Are great scientists always heretics?

11 April, 2013

As readers of my novel, The Sensorium of God know, Isaac Newton was an arch heretic. Ahead of tonight’s BBC2 documentary about Isaac Newton, the BBC invited me to choose five ‘heretic’ scientists whose courage and determination I find inspiring:

“Great scientists change the way we view the world.

Doing that usually means smashing an old, entrenched idea - often making enemies in the process. Before being proven and accepted, a great theory can be subjected to harsh criticism and its proposer can be mocked, rejected, even vilified.

Sometimes a religious authority is on the attack, other times it's the scientist's colleagues - either way it takes special determination to stick to an idea others believe is clearly wrong.
The genius of the lucky ones is recognised in their lifetime but some are venerated only posthumously.

Here are five of my greatest scientific heretics. I find their courage inspiring. Some have become household names, while others still remain in relative obscurity. ...”

You can read the full article here.

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Dark matter as elusive as ever – despite space station results

04 April, 2013

New observations from an experiment on the space station confirm a strange antimatter signal but take us no closer to an explanation

I have a new post on my Across the Universe for The Guardian.

“The first data from the $2bn Alpha Magnetic Spectrometer (AMS) experiment on the International Space Station has confirmed a strange antimatter signal coming from space. However, the experiment has not yet collected enough data to allow scientists to determine the source of this antimatter.

It could be coming from dark matter particles, making this a major breakthrough. Or it could be coming from fast-spinning stellar corpses known as pulsars, making it merely interesting. ...”

You can read the full post here.

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The Sky’s Dark Labyrinth: “a compelling and beautiful series of books”

03 April, 2013

I have been interviewed by astronomersden over at his blog. He describes himself as “Daddy, Hubby, Teacher and, whenever I get the chance, Astronomer.” There is some great stuff on his website.

He writes, “The history of astronomy (and indeed science) is one of the great, inspirational stories of humanity.  The long road to rational explanations, the search for our place in the universe, the discovery of laws to direct human endeavours.  Now it is a story you can follow through a compelling and beautiful series of books - Dr Stuart Clark’s The Sky’s Dark Labyrinth Trilogy.  If the name alone does not make you want to rush off to pick it up, then read on as I talk to the author about his work and tell you a little about each book.”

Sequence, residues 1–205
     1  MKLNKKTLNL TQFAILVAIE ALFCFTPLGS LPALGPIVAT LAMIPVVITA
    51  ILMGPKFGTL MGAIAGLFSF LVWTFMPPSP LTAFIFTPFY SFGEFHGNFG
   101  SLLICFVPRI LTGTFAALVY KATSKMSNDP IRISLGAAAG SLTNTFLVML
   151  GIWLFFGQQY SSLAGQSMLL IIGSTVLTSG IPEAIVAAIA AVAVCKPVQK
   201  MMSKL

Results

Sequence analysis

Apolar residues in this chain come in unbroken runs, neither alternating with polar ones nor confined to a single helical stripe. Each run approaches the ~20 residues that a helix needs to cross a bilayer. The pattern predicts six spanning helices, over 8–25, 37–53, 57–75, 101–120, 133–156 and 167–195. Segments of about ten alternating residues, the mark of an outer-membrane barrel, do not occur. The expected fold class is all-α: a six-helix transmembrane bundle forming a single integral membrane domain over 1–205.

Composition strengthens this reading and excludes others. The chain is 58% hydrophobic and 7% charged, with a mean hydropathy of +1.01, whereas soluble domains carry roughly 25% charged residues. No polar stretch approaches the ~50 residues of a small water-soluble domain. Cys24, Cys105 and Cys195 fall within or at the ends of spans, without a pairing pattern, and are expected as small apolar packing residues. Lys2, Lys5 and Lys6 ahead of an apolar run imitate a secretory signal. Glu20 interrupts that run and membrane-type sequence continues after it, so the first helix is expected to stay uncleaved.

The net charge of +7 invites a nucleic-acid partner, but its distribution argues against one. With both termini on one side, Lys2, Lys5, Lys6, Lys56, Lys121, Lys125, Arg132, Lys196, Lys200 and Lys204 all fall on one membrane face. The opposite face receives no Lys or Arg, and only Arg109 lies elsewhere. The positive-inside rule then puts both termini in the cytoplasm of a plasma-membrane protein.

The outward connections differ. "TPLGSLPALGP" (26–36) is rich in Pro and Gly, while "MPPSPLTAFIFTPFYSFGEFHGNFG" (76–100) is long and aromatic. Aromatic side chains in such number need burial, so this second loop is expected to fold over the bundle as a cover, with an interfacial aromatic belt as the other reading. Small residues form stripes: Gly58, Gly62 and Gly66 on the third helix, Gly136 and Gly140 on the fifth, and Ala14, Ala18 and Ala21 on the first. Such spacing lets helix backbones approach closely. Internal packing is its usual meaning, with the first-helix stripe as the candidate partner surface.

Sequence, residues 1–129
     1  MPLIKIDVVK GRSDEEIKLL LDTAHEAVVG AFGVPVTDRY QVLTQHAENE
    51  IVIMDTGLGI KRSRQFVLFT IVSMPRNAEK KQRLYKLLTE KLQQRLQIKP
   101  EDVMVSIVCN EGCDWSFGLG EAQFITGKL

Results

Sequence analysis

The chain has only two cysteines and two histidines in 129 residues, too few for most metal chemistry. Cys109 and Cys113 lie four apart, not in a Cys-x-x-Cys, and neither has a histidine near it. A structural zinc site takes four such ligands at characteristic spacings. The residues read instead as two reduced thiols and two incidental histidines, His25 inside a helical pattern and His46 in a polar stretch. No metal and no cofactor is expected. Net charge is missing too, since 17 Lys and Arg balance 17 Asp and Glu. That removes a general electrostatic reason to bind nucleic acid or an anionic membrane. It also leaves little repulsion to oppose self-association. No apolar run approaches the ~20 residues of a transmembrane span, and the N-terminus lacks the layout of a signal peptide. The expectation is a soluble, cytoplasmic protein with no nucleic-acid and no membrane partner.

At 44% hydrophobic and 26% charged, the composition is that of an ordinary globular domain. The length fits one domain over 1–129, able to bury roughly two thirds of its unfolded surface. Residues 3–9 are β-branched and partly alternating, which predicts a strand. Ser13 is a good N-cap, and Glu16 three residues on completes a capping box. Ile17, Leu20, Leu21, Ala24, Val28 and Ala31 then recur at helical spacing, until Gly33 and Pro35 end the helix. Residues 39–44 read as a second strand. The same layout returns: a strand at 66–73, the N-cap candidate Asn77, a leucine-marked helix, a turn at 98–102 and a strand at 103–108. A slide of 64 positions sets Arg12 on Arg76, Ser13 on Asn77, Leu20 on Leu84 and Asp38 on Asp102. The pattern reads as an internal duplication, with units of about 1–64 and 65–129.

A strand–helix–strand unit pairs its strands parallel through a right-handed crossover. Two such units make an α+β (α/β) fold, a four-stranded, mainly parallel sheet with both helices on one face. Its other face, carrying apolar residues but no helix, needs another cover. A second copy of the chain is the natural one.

You can read the whole interview here.

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BBC2 documentary: Isaac Newton: The Last Magician

31 March, 2013

Last autumn I worked with a producer and director from the BBC on a television programme about Isaac Newton. They contacted me because of my work for The Sensorium of God, my factual novel about Isaac Newton. It was a lot of fun to dig out all my research notes and talk about the great scientist for the programme.

Isaac Newton: The Last Magician will be shown on BBC2 Friday April 12th at 9pm.


Click the read more link below the tags to see the information from the BBC’s website.


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Read more: BBC2 documentary: Isaac Newton: The Last Magician


The Day Without Yesterday - Easter Kindle Promotion

25 March, 2013

For a strictly limited time, the very latest Sky’s Dark Labyrinth book is on promotion from Amazon Kindle. Instead of £12.99, you can pick up the ebook version of The Day Without Yesterday for just £1.09. Hurry, the offer will not last long. Buy now!

Those who prefer physical books, can buy that here.

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Planck's 'almost perfect' universe could point to new physics

21 March, 2013

The map of the oldest light in the universe shows intriguing deviations from expectations. Will these oddities be explained away or are we at the beginning of a revolution in cosmology?

I have a new post on my Across the Universe for The Guardian.

“Today is a great day. The European Space Agency has released the most precise map so far of the oldest light in the universe. The best news is that is reveals an 'almost perfect universe'. By that they mean it almost conforms to expectations – but not quite.

While the basic 'big bang' picture of our universe's birth is confirmed, the unexplained aspects of the data are where the real excitement lies because these could be signposts to new physics. At the press conference this morning, Professor George Efstathiou, University of Cambridge, UK said that the Planck data showed that, 'Cosmology is not finished.' ...”

You can read the full story here.

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